We all know how elegant and serene grey can be. And there’s nothing more graceful and classic than white and its many off-white hues. But don’t overlook purple just yet.
Thanks to a multitude of different purple tints (each with its own unique style and vibe), purple can be as sophisticated, playful, subtle or refined as you want it to be.
Known as a royal colour (it was said to be Cleopatra’s favourite), purple ensures a stylish vibe that, when used in the right context, immediately brings out the luxury in a room. It also stimulates creativity and brings forth a pleasant atmosphere, which is why it remains one of the top choices for bedroom designs.
So, if you’ve been dreaming about a purple bedroom but are not sure what your choices are or how to go about it, we’ve got you covered!
Colour psychology works on the principle that colours can have powerful impacts on our moods and even affect our behaviours. Each colour has its own effect, but the outcome it has on a person can change depending on which room it’s in, as well as the person’s experience and culture.
The great thing about purple is that it can lead to a variety of different feelings, emotions and associations. As a combination of blue and red, purple rarely occurs in nature, which is why it’s viewed as rare and intriguing. One of its many hues, violet, shows up occasionally in nature, in both the fauna and flora fields.
In ancient times, it required a great amount of effort and money to dye fabrics purple, as it is less common in nature than, say, green or blue. For this reason, purple has become associated with wealth and royalty, and usually it was only the very rich who were able to afford items in this colour.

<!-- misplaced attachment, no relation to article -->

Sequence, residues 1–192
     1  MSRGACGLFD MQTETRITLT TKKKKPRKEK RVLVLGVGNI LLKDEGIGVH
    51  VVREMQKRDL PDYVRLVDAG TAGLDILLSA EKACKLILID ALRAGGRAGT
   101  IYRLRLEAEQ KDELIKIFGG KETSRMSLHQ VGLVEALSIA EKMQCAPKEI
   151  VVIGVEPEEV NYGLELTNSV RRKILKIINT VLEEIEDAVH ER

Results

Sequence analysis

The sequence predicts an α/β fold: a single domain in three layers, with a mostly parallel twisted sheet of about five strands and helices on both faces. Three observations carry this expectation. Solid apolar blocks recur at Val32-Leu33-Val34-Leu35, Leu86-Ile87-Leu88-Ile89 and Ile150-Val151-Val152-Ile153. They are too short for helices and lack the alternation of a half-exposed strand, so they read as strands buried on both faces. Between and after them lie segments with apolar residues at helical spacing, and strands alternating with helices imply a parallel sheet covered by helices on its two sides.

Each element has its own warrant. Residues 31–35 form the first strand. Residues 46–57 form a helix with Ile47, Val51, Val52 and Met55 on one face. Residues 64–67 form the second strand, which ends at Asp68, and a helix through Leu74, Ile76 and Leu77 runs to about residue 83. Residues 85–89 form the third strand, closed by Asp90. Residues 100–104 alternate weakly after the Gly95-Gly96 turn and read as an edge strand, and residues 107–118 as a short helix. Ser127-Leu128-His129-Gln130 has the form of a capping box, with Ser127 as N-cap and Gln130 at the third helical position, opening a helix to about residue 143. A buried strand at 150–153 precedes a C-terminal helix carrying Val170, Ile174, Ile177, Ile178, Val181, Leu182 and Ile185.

Even today, placing a purple element in one’s interiors has a certain sought-after look to it.
When we delve into the ancient Chinese practice of Feng Shui, we discover that purple is the best colour to stimulate and increase one’s abundance. So, when placing purple elements in the south-east side of a room, positive chi is released which could help promote wealth.
Feng Shui is made up of five core elements:
Perfect Feng Shui would be to have all five of these elements in one’s home, although that can be quite challenging. Because while each element supports another (such as wood supporting fire), certain ones diminish others (like water putting out fire).
As red and purple are considered ‘fire’ colours, some pieces to use when styling up a purple bedroom (or any other space) can include candles, geometric patterns such as cones, pyramids and triangles, and landscape artwork of sunrises or sunsets.
To strike a more formal note in the bedroom, opt for the deepest purples such as aubergine, plum and wine. But if you decide to go dark, really commit.
To make a brooding purple work in your bedroom, do something major, such as coating it on all four walls. Go a few tones lighter (to, say, mauve or mulberry) and those less-dark purples can make a bedroom seem quite cosy and inviting.
And don’t think that dark purple is meant only for brightly lit bedrooms. In fact, dark walls are ideal for a dimly lit space because the saturated colour holds its own regardless of light intensity.